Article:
Zaben’s operation fights against both of these social challenges. “Palovina only uses natural ingredients, so it is a friend to the environment and a friend to the human body as well,” Zaben says.

Building the master formula:

Without any formal pharmaceutical training, Zaben began experimenting with recipes for skin cleansing products nine years ago. Back then, she reports, Palestine’s natural skin care industry was at a very primitive stage indeed. “I remember going to a local university to learn more about the issue, but I could not get any good information.”

For this reason, Zaben decided to go it alone. She developed her own formula for various soaps and cleansers from all-natural ingredients, and then tested those prototypes at a professional laboratory. The results were good, giving Zaben the basis for her new business, Palovina. Over time, the company’s offering has expanded from skin cleansers to beauty products and remedies for acne, itching and hair loss.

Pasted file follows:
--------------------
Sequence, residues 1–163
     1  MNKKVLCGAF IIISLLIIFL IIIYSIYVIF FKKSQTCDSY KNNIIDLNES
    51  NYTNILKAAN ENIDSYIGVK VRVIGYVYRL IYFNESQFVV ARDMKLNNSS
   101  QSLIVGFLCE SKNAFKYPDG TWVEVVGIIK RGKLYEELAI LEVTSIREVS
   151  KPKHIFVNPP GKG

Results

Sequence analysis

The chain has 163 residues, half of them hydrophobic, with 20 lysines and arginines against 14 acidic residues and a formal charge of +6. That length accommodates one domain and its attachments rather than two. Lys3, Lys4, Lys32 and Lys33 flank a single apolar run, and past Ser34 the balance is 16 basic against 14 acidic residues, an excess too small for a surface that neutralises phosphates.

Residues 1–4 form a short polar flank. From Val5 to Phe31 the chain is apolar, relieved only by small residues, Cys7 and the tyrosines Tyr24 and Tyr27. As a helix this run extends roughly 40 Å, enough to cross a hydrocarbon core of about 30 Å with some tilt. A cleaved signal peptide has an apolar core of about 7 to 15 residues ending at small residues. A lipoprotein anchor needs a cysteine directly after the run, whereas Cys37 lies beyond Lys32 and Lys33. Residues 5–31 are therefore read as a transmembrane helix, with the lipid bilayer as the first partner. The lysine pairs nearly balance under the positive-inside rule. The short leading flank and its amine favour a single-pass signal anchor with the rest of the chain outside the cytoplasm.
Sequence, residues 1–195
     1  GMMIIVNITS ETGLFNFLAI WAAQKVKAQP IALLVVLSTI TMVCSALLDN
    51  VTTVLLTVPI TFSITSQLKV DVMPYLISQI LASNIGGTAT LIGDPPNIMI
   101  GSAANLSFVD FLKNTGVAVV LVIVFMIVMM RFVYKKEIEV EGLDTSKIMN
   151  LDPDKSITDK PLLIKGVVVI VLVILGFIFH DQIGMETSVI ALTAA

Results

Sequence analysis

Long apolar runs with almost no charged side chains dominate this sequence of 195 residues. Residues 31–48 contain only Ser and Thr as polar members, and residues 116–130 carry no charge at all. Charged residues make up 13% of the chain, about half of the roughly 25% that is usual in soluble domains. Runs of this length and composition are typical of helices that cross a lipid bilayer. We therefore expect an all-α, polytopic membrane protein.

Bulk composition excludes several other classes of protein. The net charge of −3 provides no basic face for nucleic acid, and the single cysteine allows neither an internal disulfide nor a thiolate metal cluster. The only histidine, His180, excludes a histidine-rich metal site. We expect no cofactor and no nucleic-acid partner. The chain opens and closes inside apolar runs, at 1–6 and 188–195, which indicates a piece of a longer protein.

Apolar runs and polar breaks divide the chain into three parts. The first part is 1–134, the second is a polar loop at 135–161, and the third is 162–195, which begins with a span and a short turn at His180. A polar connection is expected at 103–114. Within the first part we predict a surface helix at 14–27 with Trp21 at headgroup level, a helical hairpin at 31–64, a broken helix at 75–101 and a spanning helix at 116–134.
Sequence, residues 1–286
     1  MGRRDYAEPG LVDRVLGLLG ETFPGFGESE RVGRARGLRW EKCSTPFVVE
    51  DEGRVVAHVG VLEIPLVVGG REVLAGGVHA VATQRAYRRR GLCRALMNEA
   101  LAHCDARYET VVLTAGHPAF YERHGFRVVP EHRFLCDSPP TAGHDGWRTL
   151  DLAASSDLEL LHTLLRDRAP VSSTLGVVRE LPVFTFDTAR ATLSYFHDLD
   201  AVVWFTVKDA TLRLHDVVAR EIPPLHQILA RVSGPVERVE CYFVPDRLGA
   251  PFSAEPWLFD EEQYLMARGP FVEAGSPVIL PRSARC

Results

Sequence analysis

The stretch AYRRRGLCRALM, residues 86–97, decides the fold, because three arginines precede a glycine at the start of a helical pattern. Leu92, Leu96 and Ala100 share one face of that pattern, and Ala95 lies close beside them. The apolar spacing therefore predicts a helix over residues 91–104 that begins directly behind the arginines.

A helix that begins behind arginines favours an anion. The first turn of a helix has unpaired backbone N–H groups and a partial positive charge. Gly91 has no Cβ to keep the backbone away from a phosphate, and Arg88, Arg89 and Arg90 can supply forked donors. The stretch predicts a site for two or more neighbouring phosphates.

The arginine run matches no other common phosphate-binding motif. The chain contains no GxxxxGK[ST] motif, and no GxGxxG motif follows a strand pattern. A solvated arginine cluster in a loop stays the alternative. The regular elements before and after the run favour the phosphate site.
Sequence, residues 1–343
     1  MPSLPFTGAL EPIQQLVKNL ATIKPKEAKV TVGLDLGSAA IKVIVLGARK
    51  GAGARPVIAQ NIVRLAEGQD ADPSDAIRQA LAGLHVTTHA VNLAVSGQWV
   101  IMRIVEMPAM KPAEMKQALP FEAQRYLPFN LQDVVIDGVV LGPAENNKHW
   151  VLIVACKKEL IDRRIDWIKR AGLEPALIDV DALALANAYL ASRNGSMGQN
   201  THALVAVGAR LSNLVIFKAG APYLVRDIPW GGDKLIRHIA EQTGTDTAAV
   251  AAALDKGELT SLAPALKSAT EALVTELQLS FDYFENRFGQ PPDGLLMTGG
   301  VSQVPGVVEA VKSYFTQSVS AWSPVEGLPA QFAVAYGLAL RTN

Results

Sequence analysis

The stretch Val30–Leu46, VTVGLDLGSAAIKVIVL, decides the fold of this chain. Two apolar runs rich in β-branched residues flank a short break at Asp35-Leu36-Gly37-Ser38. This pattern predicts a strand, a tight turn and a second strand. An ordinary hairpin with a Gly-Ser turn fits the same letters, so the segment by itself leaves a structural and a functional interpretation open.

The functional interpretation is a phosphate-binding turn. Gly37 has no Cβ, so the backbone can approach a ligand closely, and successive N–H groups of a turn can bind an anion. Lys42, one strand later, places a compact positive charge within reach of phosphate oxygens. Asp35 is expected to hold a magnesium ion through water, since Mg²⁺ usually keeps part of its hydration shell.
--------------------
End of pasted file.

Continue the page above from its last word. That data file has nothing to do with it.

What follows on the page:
Palovina’s operation began as a small factory in Mazari al-Nubani, where Zaben and her team produce skin care products to this day. Now the center of Palovina’s operations has shifted to the regional hub of Ramallah, where members of the public can browse the company’s range and make purchases over the counter. According to Zaben, Palovina currently commands a customer base of 4,000 to 5,000 people.

Certain clients have given Zaben particular cause for optimism about expanding Palovina’s business internationally. The cities of Tokyo and Ramallah may not always come to mind in tandem, but Palovina has cultivated a devoted following amongst workers at the local Japanese embassy. The diplomats’ strong feedback has made Zaben turn her gaze to the Far East. “My Japanese customers ask me, ‘why don’t you sell Palovina in Japan?’ so I am exploring business opportunities there,” says Zaben.

Palovina has another ace up its commercial sleeve a registered patent for an all-natural liquid soap formula, which Zaben claims does not exist anywhere else. Zaben plans to exploit this trade secret by building a range of clients across the highly lucrative American and European markets.